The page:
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News & Press: Pension

Pension, transportation, school funding shortages push N.J. structural deficit over $7b

Tuesday, February 24, 2015   (0 Comments)
Share | 02/23/15

As recently as his State of the State address last month, in a speech aimed at a national audience, Gov. Chris Christie took credit for wiping out an $11 billion structural deficit after taking office. But under the same rules for calculating that figure, New Jersey faces a $7.35 billion structural deficit heading into the next budget year, projections from the state's nonpartisan Office of Legislative Services obtained by NJ Advance Media show. The estimate represents the gap between the state's revenue and how much it has to pay if it fully funded all state programs, such as public employee pensions and state aid to schools.

Christie's proposed budget, which he'll outline in a message before the Legislature on Tuesday, will include strategies for counteracting the deficit. Because the governor spurns tax increases, typically that means shortchanging the annual pension payment and other programs and postponing property tax rebates. State law requires that the budget must be balanced. The fiscal year begins July 1. "Regardless of what the projections of a budget deficit may be... the governor's budget will have a proposal for reconciling that," said Marc Pfeiffer, assistant director at Rutgers' Bloustein Local Government Research Center.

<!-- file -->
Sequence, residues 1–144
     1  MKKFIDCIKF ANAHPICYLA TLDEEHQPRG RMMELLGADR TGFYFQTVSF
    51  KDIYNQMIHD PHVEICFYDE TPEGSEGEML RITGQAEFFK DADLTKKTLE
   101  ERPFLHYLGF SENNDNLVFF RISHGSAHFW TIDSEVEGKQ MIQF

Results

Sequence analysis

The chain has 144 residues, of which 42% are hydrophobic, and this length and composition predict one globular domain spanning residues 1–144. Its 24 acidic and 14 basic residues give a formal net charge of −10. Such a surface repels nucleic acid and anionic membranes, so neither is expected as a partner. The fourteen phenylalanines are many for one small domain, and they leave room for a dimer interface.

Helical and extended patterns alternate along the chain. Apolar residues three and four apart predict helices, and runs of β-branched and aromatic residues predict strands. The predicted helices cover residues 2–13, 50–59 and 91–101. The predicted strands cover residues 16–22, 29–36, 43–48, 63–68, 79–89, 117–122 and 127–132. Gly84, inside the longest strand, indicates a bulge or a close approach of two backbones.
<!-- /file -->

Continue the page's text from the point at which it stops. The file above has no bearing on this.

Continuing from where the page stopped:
The OLS defines the structural deficit this way: "If the state were to fund all of its statutory obligations and continue all other state programs at the current or normal service level, while relying on revenues solely from existing sources, what is the sum of budget actions that would be required to produce a balanced budget?" That total, OLS said in a Jan. 14 report, is $7.35 billion. To put that in context, the state's current budget is $32.5 billion. Fully funding the public worker pension system next year contributes $2.27 billion to the deficit, according to OLS. Fully funding homestead rebates adds $1.84 billion; school aid, $1.65 billion; municipal aid, $935 million; Medicaid and charity care, $355 million; Senior Freeze Program, $44 million; and health benefits, $117 million. Replacing one-time revenues and maintaining other programs adds roughly $660 million.

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